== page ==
Lockdowns, tariffs, and other market interventions made wood an expensive commodity.
Using the process of elimination, the culprit seems clear.
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Plus: Remembering "sexual-subculture pioneer" Pat Bond, debunking gender gap hyperbole around jobs, and more...
Jobs data casts doubt on the idea that the COVID-19 pandemic is uniquely setting women back.
Destroying the ability of freelancers to make a living is union protectionism, not economic opportunity.
Californians Rejected a Harsh Law That Destroyed Freelance Jobs. Congress Is Trying To Make It Federal Law.
The PRO Act would demolish the gig economy for the benefit of labor unions and would undermine right-to-work laws.
Plus: How the U.S. covered up the murder of Jamal Khashoggi, a Washington school district is suing to force its teachers back to the classroom, and more...
Able to do our jobs from where we please, life for many of us will reflect a bit more of what we want rather than what we have to do to get by.
Deutsche Bank has proposed a 5 percent income tax on people working from home, the revenue from which could be spent supplementing the lost wages of service workers.
Occupational licensing rules are more often arbitrary bureaucratic hurdles than they are protections for health or safety.
We can increasingly live where we please while working jobs of our choice. What we do with that bonanza is up to us.
Rideshare drivers and delivery people are still going to have to beg voters to let them work.
Lawmakers and courts are trying to force them to put drivers on their payrolls. They're threatening to take a freeway out of the state entirely.
Officials claim doing business is a revocable “privilege,” but many Americans see it as a right that they’ll exercise with or without licenses and permits.
SCOTUS rules 7-2 in Our Lady of Guadalupe School v. Morrissey-Berru.
Will changes to how many of us work outlast the pandemic?
That has interesting implications for where people will base themselves in the future.
Pandemic patients get better care when medical professionals are free to work where they're needed. The same will undoubtedly be true of regular patients after COVID-19 has left our lives.
Plus: The feds are still targeting Juul, Call of Duty wins First Amendment lawsuit, and more...
Assembly Bill 5 was designed to constrain the growth of the so-called gig economy. In practice, it's closing off opportunities
E-Verify makes life harder on immigrants who want to work, but it doesn't make things better for anyone—-even those who want to see those immigrants leave.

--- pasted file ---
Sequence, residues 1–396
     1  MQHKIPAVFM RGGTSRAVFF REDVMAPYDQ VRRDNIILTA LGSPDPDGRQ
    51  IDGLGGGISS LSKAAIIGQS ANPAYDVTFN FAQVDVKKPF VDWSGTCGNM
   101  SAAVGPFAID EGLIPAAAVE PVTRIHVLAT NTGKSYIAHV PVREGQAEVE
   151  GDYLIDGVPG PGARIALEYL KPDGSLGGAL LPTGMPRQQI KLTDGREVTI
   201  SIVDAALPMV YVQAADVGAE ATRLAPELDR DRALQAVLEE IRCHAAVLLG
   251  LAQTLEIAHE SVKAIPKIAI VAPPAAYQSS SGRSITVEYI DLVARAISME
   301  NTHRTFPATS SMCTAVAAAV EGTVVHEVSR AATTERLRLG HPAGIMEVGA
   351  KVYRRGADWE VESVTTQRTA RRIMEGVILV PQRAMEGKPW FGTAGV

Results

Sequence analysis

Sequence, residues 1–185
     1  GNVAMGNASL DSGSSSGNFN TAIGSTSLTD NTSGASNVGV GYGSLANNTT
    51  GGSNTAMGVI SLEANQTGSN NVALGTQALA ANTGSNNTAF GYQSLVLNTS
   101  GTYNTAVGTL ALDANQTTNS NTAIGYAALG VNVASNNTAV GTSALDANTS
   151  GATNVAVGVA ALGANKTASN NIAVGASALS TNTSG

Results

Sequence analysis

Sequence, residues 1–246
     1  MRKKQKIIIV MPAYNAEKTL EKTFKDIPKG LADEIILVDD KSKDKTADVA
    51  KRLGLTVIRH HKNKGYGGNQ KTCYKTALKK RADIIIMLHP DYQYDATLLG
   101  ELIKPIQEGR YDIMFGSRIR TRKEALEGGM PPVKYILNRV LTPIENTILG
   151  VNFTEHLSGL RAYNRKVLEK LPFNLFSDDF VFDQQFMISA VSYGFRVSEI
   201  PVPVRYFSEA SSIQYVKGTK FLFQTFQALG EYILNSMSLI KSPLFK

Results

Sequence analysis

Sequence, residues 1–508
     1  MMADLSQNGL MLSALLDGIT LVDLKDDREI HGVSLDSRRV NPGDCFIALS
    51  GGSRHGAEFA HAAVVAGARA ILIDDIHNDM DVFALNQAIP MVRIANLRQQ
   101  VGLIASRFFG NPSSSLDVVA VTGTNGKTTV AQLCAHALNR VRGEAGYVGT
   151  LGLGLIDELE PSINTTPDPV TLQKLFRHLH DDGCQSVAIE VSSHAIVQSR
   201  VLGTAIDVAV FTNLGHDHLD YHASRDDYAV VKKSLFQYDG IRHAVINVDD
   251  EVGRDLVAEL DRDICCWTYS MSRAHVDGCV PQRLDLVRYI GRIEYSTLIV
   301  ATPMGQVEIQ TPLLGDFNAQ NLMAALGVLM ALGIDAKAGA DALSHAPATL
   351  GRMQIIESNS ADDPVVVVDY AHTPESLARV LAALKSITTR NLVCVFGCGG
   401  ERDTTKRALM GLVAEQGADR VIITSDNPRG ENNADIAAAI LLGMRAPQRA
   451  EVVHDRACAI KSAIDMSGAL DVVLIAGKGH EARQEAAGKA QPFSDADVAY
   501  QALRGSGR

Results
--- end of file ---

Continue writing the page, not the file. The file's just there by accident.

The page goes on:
The new law seeks to reclassify contractors as employees.
Gig workers and companies are suing over a California law, AB 5, that criminalizes their continued employment.
The East African khat trade is thriving, even as global prohibition creeps in around the edges.
California Freelancers Suffer From Totally Predictable 'Unintended Consequences' of Gig Worker Protection Bill
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Critics warn the state is threatening the flexible work arrangements preferred by many workers.
A report from the city's Department of Planning finds that housing construction has not kept pace with job growth.
This year, Mississippi and North Carolina both ditched a vague "good moral character" clause that kept occupational licensing out of reach for people with criminal records.
Plus: dangerous publishers, a history of slavery, and more...
Licensing reform efforts cross partisan barriers. Unfortunately, so do efforts to cripple opportunity and prosperity.
Plus: Trump drops Census citizenship quest, veterans says wars weren't worth it, millennials make good nuns, and more...
If the past is any sort of guide to what comes next, his fears about a jobless economy (and his policy prescriptions to fix it) are completely misplaced.
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Does current precedent forbidding discrimination on the basis of sex-based stereotypes apply here?
But don't believe the dire diagnosis. New research shows a mixed bag of pay patterns for women-and men-over the past 50 years.
A state supreme court ruling jeopardizes the very idea of independent contractors in several trades.